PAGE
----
Chronic neutropenia is a rare blood disorder that only affects around 1 in 100,000 people in the United States. While neutropenia is rare, the condition can lead to a range of complications that can make life difficult, and the disease can affect several parts of the body. Learn how neutropenia affects the body, and find out how this could affect the safety of cosmetic dental treatments.
How neutropenia affects the body
Your blood contains vital white blood cells called neutrophils. These neutrophils help your body fight off bacterial infection by surrounding and destroying any unwanted bacteria that appear. If you have neutropenia, your body doesn't have enough of these important blood cells, which makes it harder for you to fight off an infection.
People with neutropenia most commonly experience infections in their lungs, mouth, throat and skin. According to the severity of the condition, neutropenia can lead to life-threatening complications. People with a serious infection may need emergency care to deal with the issue, but ongoing problems are also common. Periodontal disease, mouth ulcers and gum infections are common oral problems that people with neutropenia experience.
Certain groups of people are at higher risk of neutropenia. People with autoimmune diseases are more likely to get the condition, and neutropenia is also a possible side effect of cancer. To make matters worse, it's often difficult to spot the signs of neutropenia, even if the condition causes dental and oral problems.
Swelling, redness and soreness all normally occur when you suffer an infection in your mouth, but if you have neutropenia you may not see these symptoms. It is the neutrophils attacking the infection that will cause these problems, so if you have neutropenia, this sort of infection will often go unnoticed. As such, you may not realize you have the disease.
Diagnosing the problem
If you are in a high-risk group, your doctor will normally suggest tests to help diagnose neutropenia. To conclusively diagnose the condition, he or she will take blood cell counts, but you may need other tests, including a bone marrow diagnostic.
Your dentist may suggest that you undergo tests for the condition if you have certain persistent problems. For example, people with the condition often suffer oral yeast infections and/or persistent mouth ulcers that don't respond to treatment.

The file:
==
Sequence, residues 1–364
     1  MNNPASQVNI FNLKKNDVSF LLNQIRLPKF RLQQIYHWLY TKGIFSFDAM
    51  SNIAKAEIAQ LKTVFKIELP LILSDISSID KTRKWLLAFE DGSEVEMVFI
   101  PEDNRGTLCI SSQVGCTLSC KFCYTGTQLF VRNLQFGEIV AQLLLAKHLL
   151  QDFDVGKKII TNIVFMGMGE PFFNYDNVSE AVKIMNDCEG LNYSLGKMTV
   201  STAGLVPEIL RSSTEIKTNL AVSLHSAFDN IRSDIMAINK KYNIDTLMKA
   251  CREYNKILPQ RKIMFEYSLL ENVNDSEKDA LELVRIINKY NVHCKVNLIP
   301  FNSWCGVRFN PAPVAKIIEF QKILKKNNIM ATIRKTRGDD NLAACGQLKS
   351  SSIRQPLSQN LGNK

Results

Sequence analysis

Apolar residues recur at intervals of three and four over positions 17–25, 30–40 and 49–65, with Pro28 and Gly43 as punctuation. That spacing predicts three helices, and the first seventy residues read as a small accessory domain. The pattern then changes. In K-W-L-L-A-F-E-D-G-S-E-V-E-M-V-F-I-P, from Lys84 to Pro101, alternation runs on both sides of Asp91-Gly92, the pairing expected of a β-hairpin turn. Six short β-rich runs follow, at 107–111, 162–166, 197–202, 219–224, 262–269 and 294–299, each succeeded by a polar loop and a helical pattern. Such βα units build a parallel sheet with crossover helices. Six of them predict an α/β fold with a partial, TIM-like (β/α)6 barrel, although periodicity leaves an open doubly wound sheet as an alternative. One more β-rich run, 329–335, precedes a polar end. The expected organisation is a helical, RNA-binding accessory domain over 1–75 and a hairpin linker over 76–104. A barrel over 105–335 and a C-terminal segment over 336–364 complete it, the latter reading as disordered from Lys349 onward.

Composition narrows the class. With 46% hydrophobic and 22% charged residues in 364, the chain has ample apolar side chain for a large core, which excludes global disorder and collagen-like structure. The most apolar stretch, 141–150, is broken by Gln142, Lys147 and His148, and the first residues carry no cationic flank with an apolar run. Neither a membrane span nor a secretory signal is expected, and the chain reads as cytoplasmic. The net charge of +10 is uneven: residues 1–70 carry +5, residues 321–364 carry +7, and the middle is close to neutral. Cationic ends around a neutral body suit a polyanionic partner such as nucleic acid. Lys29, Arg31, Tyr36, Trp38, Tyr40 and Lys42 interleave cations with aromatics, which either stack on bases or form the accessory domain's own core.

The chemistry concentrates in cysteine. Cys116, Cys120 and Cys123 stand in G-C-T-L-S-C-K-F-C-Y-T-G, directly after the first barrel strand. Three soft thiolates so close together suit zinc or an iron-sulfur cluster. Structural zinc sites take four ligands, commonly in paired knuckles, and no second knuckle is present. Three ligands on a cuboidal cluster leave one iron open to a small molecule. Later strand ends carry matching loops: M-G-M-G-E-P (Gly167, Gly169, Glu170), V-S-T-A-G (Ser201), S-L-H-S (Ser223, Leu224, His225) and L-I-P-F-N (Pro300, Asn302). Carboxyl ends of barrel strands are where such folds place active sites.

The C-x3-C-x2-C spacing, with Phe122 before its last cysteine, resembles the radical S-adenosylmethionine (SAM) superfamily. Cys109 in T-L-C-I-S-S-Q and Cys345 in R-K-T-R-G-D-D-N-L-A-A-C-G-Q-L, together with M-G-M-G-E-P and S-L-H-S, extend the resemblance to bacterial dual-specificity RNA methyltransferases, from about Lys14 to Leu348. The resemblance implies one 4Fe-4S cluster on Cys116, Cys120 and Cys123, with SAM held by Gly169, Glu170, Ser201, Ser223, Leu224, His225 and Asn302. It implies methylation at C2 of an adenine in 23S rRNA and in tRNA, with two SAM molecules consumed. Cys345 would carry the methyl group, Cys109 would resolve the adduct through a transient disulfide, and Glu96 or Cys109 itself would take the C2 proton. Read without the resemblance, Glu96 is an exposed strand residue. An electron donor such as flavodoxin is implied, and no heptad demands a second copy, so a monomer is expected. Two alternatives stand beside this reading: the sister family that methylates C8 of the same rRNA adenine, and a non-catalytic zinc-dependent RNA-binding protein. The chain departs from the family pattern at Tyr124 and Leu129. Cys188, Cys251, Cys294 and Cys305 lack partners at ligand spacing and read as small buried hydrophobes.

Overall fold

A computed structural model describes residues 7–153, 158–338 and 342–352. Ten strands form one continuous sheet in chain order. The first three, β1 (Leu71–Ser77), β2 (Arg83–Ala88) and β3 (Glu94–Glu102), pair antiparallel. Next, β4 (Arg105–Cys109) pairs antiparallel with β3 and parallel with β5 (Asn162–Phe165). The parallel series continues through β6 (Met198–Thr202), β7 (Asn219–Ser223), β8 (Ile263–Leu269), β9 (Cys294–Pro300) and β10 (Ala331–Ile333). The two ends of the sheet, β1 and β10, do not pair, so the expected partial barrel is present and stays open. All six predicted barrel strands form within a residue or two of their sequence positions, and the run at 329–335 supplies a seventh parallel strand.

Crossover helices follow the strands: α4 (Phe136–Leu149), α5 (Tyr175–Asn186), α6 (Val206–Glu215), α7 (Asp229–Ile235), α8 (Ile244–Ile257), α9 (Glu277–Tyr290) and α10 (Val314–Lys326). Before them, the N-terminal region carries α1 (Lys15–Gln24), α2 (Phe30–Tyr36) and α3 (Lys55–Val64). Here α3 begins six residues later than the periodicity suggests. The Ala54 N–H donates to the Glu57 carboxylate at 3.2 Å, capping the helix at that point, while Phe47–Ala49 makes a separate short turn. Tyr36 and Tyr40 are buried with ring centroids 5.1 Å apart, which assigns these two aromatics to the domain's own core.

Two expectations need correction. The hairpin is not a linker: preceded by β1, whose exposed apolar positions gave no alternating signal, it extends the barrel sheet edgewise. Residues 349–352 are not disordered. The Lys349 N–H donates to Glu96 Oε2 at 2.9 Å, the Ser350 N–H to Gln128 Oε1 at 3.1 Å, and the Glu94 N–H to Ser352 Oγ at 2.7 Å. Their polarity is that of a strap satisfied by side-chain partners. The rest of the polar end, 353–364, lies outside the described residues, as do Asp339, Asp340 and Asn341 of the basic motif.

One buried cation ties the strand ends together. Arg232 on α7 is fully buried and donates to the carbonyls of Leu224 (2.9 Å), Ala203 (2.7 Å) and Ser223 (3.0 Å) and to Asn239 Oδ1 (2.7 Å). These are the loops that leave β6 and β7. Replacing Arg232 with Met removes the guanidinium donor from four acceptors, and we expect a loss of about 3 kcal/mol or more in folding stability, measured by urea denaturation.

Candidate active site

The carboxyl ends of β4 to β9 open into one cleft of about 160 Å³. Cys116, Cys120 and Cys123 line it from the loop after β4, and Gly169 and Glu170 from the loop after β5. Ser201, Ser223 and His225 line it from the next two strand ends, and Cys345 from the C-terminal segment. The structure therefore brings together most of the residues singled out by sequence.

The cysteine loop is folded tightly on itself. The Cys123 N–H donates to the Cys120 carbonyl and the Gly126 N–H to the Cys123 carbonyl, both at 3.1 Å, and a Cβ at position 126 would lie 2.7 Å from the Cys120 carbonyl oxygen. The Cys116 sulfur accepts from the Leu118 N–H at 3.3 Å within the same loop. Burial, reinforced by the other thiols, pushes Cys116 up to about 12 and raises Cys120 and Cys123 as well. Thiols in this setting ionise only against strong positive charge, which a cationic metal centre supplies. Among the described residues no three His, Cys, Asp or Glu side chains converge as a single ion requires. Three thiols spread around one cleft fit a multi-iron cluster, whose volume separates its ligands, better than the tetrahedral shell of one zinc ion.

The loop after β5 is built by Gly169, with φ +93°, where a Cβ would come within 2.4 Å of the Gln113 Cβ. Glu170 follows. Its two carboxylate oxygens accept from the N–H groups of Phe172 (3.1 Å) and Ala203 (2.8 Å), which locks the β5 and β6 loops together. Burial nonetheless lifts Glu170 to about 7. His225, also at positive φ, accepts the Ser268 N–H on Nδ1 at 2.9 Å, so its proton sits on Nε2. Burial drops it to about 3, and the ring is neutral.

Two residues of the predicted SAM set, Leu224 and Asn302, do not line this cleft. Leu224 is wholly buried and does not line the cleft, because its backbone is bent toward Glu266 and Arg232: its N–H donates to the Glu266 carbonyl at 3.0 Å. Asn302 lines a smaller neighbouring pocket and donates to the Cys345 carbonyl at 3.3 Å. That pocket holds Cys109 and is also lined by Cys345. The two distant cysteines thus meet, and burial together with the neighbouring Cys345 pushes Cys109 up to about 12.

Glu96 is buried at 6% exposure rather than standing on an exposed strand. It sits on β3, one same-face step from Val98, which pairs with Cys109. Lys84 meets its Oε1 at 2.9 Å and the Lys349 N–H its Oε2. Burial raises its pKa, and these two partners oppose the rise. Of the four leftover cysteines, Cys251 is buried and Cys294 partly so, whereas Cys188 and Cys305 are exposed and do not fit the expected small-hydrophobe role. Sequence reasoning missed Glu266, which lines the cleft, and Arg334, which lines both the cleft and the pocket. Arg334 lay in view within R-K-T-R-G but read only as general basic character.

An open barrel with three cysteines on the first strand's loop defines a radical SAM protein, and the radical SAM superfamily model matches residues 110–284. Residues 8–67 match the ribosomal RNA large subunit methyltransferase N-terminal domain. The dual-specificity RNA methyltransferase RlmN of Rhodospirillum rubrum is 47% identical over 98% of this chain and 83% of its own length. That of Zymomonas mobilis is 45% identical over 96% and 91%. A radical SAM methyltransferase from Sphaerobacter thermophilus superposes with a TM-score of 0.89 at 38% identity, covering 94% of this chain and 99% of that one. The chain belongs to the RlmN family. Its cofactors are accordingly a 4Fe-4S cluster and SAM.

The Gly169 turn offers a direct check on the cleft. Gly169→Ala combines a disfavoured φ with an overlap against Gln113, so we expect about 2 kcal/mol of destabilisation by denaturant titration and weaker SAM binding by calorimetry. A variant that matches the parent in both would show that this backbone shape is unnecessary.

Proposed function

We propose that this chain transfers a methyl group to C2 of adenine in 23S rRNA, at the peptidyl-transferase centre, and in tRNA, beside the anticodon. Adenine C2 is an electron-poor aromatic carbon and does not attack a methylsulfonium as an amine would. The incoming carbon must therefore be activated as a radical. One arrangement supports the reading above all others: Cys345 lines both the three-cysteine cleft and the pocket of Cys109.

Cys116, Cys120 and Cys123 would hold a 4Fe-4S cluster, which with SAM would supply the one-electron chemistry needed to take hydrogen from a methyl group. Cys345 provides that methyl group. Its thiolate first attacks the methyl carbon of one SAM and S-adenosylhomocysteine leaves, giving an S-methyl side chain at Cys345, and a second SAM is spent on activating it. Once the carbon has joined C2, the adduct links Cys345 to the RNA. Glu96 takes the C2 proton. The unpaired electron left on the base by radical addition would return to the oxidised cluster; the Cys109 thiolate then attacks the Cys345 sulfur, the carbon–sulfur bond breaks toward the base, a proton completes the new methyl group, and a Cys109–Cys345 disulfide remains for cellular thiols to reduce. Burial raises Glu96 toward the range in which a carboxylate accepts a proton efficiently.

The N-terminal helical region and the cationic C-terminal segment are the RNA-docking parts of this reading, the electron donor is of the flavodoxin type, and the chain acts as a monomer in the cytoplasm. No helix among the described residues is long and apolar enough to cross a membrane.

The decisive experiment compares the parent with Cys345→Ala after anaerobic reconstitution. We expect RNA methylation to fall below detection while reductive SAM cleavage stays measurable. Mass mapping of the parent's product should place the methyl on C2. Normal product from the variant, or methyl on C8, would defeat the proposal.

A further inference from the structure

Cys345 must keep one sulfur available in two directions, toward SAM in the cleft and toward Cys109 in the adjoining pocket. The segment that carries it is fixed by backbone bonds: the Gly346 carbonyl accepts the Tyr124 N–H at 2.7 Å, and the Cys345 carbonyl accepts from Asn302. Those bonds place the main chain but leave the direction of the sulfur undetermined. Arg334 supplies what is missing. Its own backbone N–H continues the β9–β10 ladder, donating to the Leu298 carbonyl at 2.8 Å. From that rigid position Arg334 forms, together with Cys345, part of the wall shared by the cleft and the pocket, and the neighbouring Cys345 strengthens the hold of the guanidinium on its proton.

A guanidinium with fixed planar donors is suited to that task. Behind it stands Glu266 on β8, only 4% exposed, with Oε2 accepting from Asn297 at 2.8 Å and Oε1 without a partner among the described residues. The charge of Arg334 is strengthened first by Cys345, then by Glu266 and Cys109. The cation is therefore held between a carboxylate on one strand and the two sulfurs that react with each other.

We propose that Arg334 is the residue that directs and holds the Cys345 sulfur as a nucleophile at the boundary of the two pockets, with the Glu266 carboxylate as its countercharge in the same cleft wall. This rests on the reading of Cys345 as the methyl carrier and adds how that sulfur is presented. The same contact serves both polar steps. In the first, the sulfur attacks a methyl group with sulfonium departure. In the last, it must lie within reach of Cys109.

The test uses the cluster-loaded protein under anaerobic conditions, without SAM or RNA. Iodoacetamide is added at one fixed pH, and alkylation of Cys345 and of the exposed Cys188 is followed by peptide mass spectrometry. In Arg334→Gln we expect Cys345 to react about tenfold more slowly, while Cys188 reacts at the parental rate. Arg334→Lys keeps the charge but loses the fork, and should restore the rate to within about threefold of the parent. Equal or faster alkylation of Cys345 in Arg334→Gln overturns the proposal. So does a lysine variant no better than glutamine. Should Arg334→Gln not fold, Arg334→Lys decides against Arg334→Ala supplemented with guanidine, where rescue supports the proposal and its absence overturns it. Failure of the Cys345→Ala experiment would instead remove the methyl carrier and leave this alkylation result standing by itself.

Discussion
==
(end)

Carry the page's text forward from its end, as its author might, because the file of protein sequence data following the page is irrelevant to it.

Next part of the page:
Neutropenia and cosmetic dentistry
Invasive dental procedures increase the risk of infection for everyone, but if you have neutropenia, you may find it even harder to recover. For example, a tooth extraction leaves an open wound that may quickly become susceptible to infection if your body doesn't produce enough neutrophils to target the problem.
People with neutropenia can have cosmetic procedures, but you may need to take extra measures to cut the risk of an infection. Your dentist may ask you to get an updated blood count from your doctor, to see if your neutrophil level is higher or lower than normal. Where your neutrophils are low, your dentist may prescribe antibiotics before any sort of treatment to improve your body's ability to fight the infection.
After a cosmetic procedure, you'll need to take all necessary precautions to avoid an infection. Your dentist will show you how to brush and floss in the days and weeks after your treatment, and you may need to use a special antiseptic mouthwash. Your dentist can tell you which products to use. You should avoid mouthwashes that contain alcohol, as this ingredient can aggravate sensitive oral tissues.
Neutropenia and implant failure
If your neutropenia is severe, certain cosmetic treatments may become unsuitable for you. Healthy soft tissue is vital to the ongoing recovery and stability of dental implants, and a bad case of neutropenia can weaken the area around an implant, eventually leading to failure. In serious cases, your cosmetic dentist may discuss alternative options. For example, a partial or full denture may offer a more viable alternative for somebody with severe neutropenia.
Neutropenia is a serious blood disorder that can make it difficult to prevent or get rid of an infection. Talk a dentist such as Samuel D Knight, DDS for more information about how this condition could interfere with any planned cosmetic treatments.Share